New York Appellate Court Sets Standard For Bringing Legal Malpractice Claim After Unsuccessful Medical Malpractice Claim

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The New York Court Of Appeals October 21, 2014 Ruling That Establishes The Standard For Bringing A Legal Malpractice Claim After An Unsuccessful Medical Malpractice Claim Is Discussed In Today's Blog

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The failure to appeal bars the legal malpractice action only where the client was likely to have succeeded on appeal of the underlying medical malpractice action discuses in today's blog posting the October 21, 2014 ruling of the Court of Appeals State of New York (“Court of Appeals”) that prior to commencing a legal malpractice action, a party who is “likely to succeed” on appeal of the underlying medical malpractice action should be required to press an appeal. However, if the party is not likely to succeed in the appeal, he or she may bring a legal malpractice action without first pursuing an appeal of the underlying action. In short, the failure to appeal bars the legal malpractice action only where the client was likely to have succeeded on appeal in the underlying action. This is known as the “likely to succeed” standard.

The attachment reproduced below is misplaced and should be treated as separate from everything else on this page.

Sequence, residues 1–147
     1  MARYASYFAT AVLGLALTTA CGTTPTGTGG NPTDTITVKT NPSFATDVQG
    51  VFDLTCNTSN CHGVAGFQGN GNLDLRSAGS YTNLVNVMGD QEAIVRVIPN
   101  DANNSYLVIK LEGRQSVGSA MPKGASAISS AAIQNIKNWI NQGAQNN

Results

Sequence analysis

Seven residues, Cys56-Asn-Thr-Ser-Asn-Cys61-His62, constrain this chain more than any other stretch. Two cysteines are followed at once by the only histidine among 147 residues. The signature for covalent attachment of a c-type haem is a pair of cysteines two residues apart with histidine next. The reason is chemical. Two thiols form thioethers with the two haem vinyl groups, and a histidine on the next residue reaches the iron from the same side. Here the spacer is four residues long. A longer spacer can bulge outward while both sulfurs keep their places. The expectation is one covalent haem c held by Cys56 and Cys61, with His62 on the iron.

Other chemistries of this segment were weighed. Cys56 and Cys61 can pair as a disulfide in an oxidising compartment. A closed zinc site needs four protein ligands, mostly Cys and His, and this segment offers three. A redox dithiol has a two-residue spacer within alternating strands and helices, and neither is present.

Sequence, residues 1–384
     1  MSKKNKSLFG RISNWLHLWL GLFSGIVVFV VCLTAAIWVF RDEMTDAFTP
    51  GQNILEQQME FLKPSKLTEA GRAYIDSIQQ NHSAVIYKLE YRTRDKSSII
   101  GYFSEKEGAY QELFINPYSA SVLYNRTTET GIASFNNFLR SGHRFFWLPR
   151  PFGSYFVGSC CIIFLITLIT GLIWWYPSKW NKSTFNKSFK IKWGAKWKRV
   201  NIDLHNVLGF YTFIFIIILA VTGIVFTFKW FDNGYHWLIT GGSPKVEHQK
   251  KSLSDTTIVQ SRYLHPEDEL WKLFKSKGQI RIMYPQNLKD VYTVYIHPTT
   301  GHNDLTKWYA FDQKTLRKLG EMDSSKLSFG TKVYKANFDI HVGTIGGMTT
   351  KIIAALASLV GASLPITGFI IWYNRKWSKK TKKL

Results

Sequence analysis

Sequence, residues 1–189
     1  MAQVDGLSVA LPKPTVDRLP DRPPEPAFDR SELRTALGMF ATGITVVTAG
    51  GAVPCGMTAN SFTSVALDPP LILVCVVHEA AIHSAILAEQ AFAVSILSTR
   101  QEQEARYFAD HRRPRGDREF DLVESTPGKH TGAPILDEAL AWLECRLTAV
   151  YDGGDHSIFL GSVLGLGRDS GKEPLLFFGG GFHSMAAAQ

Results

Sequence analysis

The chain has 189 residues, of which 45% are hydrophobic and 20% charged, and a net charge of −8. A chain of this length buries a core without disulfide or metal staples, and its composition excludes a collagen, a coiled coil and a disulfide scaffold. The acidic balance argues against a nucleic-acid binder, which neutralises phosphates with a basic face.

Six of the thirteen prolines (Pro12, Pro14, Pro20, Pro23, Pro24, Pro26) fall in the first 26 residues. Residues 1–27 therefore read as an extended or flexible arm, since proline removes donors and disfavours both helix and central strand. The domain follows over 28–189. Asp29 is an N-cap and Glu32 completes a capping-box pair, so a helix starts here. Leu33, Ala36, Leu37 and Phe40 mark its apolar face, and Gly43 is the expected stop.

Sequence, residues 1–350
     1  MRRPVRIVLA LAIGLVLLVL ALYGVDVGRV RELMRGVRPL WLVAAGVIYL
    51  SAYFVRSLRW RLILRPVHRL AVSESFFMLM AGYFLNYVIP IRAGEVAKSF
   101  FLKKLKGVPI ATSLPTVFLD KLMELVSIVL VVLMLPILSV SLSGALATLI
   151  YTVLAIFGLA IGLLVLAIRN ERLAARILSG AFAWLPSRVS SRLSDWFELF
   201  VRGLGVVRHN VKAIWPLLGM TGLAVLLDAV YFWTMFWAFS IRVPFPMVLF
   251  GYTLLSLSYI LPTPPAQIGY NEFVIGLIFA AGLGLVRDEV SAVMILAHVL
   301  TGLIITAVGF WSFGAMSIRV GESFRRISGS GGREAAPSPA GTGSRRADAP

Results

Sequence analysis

The Court of Appeals stated that the likely to succeed standard is the most efficient and fair for all parties because it will obviate premature legal malpractice actions by allowing the appellate courts to correct any trial court error and allow attorneys to avoid unnecessary malpractice lawsuits by being given the opportunity to rectify their clients’ unfavorable result. The Court of Appeals rejected the “nonfrivolous/meritorious appeal standard,” which would require a plaintiff to pursue a nonfrivolous or meritorious appeal that a reasonable lawyer would pursue in order to be allowed to pursue a legal malpractice action.

Know Who To Sue: A Warning To Medical Malpractice Lawyers Handling Claims Against VA Physicians --

Jeff E. Messing, President of MML Holdings LLC, which operates the website and publishes its daily blog, warned, "This appellate case highlights a serious pitfall facing medical malpractice lawyers when they are retained to bring medical malpractice claims on behalf of clients involving alleged medical negligence by a physician or other health care provider at a VA facility, because the physician involved may or may not be an employee of the VA."

The case is captioned John W. Grace, Respondent v. Michael R. Law, et al., Appellants. No. 165.

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Jeff E. Messing, President
MML Holdings LLC
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